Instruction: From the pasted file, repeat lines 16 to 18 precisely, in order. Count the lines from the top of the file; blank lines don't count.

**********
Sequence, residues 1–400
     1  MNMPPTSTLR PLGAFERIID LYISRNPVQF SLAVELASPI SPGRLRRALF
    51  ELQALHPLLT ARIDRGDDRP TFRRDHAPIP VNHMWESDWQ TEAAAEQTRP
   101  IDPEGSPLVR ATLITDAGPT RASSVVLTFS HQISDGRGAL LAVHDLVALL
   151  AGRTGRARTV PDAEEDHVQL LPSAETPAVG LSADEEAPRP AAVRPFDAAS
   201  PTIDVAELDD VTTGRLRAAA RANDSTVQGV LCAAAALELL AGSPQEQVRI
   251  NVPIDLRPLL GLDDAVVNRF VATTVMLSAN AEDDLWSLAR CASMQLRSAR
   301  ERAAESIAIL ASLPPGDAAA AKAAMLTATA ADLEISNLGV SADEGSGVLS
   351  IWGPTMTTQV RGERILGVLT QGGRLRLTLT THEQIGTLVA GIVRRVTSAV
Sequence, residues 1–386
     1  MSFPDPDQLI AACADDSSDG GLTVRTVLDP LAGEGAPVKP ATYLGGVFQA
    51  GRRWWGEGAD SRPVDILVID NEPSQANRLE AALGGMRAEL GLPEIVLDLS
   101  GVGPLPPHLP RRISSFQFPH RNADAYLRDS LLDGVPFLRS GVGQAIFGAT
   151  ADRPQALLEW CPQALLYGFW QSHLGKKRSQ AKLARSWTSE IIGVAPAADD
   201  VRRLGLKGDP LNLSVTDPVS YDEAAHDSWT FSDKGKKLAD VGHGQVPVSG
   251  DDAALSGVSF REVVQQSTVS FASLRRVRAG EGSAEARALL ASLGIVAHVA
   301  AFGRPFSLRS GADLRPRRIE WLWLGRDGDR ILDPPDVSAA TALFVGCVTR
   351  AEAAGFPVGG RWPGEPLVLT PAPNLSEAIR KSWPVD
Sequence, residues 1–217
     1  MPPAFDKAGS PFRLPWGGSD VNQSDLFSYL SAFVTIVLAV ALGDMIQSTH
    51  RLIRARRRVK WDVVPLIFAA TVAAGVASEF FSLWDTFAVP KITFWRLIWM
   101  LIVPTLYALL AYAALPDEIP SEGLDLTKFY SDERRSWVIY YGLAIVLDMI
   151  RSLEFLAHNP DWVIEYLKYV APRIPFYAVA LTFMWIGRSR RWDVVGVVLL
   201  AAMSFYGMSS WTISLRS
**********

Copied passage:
   251  DDAALSGVSF REVVQQSTVS FASLRRVRAG EGSAEARALL ASLGIVAHVA
   301  AFGRPFSLRS GADLRPRRIE WLWLGRDGDR ILDPPDVSAA TALFVGCVTR
   351  AEAAGFPVGG RWPGEPLVLT PAPNLSEAIR KSWPVD